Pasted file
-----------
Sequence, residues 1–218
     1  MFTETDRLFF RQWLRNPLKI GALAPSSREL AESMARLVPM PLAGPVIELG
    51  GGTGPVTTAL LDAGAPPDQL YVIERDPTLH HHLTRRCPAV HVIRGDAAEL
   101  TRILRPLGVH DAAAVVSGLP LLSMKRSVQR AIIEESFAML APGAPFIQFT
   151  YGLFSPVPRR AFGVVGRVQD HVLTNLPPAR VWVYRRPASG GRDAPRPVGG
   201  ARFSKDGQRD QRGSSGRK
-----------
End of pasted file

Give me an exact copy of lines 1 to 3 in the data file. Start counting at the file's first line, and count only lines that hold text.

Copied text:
Sequence, residues 1–218
     1  MFTETDRLFF RQWLRNPLKI GALAPSSREL AESMARLVPM PLAGPVIELG
    51  GGTGPVTTAL LDAGAPPDQL YVIERDPTLH HHLTRRCPAV HVIRGDAAEL